Is the Bears Coaching Staff Really Up to the Task of Coaching Caleb Williams? And Other Points of View.

  • Mike Sando at The Athletic quotes unnamed league execs on the draft for all 16 NFC teams. Here’s what one exec said about Minnesota’s draft:

“I can buy trading some future picks if you are going to be contending and you are going to get a potential starter,” one exec said. “But the Vikings are not even close to contending. What they did, or even what the Bears did in giving up a (2025) fourth (for a fifth this year), I would not be doing that if I were those teams.”

As I have said before, I 100% agree with this as far as the Bears draft was concerned.

As far as the Vikings go, I was initially impressed by their draft. I thought waiting for J.J. McCarthy to fall to them was great work. And they certainly needed pass rush and got their guy by trading up for Dallas Turner.

But then I saw what they gave up for Turner and my stomach turned cold. The Vikings traded a 2025 second round pick to Houston before the draft to get up to the #23 pick, then traded 2025 third- and fourth-round picks to Jacksonville to jump from 23 to 17.

Its one thing for the Bears to trade a 2025 fourth rounder away to take a flier on Austin Booker. That’s at least a debatable move. But to kill your 2025 draft, leaving your self just 3 picks, for Turner, who is far from a sure thing, seemed extreme.

Some of us stil remember a time when the Bears used to be the first to get all of their picks signed. But Ryan Poles doens’t seem to buy into this philosophy.

That’s too bad. For fans, its nice to see your draft picks get under contract so you can stop worrying about the admittedly small chance that a hold out will ensue.

Who wins the right guard spot out of camp? Will it be Nate Davis or will another player emerge? — @ebrown1481

This doesn’t look to me like a job that’s legitimately open for competition. Yes, every player has to compete for his job, beginning in the voluntary offseason program and carrying through training camp and preseason. But the Bears made a significant investment in Davis when they signed him a year ago to a three-year, $30 million contract in free agency. His $8.75 million base salary for this season is fully guaranteed, so I can’t imagine there are plans to potentially push him aside.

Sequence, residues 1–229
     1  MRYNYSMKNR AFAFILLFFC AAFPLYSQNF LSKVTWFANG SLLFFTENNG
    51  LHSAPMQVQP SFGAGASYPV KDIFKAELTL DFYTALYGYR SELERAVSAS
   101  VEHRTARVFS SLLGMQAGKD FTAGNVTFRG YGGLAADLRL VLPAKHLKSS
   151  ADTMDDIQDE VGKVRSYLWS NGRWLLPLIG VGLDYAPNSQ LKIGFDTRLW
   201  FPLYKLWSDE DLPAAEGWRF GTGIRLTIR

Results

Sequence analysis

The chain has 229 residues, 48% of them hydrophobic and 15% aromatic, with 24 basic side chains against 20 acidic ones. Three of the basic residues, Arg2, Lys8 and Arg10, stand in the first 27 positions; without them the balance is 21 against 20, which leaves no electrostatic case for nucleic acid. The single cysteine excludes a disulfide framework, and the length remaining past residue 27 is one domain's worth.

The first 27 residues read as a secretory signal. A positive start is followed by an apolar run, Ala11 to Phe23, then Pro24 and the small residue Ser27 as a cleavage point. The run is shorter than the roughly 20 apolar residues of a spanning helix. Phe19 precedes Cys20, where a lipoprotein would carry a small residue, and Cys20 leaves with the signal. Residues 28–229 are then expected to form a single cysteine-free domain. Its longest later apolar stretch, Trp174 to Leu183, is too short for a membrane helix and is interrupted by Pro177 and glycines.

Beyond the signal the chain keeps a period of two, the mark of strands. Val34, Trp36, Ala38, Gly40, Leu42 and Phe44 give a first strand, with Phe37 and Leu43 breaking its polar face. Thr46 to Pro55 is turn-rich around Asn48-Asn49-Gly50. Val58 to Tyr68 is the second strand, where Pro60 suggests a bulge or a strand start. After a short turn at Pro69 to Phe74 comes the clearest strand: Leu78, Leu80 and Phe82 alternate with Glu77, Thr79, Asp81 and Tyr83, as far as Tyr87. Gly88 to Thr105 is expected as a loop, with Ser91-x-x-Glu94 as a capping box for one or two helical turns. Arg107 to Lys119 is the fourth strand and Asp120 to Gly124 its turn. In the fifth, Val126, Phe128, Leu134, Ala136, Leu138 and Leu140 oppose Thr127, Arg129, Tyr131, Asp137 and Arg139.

Davis wasn’t great last season and I think the Bears would say as much. His training camp was interrupted some because his mother was ill, and when she passed away early in the season, he missed time. The hope has to be with more consistent preparation this summer that Davis will be in a better spot when the season begins.

I have to agree here.

Although Biggs doesn’t mention it here, it’s been my assumption that Davis didn’t show up for voluntary work last year because his mother was ill. It will be interesting to see if he shows up for voluntary workouts this year.

I’d certainly like to see it given his under performance last year and it might not be a great sign if he doesn’t.

One Final Thought

Myles Simmons at Pro Football Talk on comments made by Bears offensive coordinator Shane Waldron about how they are bringing new Bears quarterback Caleb Williams along.

“I think for me, the things we’re pouring into him right now is just the understanding of the big picture of the game and all the intricacies and the nuances of, first of all, between college and the NFL and being able to start with that ground floor approach and build that repertoire of his up as we’re going,” Waldron said, via Josh Schrock of “For me, also being able to lean on [QBs coach] Kerry Joseph and the rest of the offensive staff, to me, this is always a collaborative effort, and it’s going to take all of us to help him along the way, and everyone has great individual strengths that they can bring to the table.

I have little doubt about Waldron’s ability to scheme up the Xs and Os and explain them to Williams. But as to the staff’s ability to do the other things that need to be done to bring a young QB along, I have my doubts.

In this respect, I’ve been thinking about the Bears offensive coaching staff.

  • Shane Waldron, the offensive coordinator, is a former tight end who coached under Sean McVay, who undoubtedly did much of the quarterback coaching.  He worked with veteran Geno Smith in Seattle as offensive coordinator but has never developed a rookie.  He was a quarterback coach in name only one year in Los Angeles (2019).

  • Thomas Brown, the passing game coordinator, is a former running back who has never been a quarterback coach.

  • Kerry Joseph, the quarterbacks coach, was the assistant quarterbacks coach in Seattle.  Waldron states that he will be doing the majority of the coaching in terms of the actual detailed performance and technique required on the field. He has never been an actual NFL quarterbacks coach.

  • Ryan Griffin is an offensive assistant who retired as a player only in 2022 and has little to no NFL coaching experience.


p>Much has been made of supporting a rookie quarterback by surrounding him with talent on the field.  But my question is, who can they depend upon to coach him?

One thought on “Is the Bears Coaching Staff Really Up to the Task of Coaching Caleb Williams? And Other Points of View.”

  1. LOL, trading a future 4th round pick for a player to develop at a position of need and who had he stayed in school another year may have been a 1st or high 2nd round 2025 pick is a bad move???? Whose the NFL exec and how successful are his drafts?

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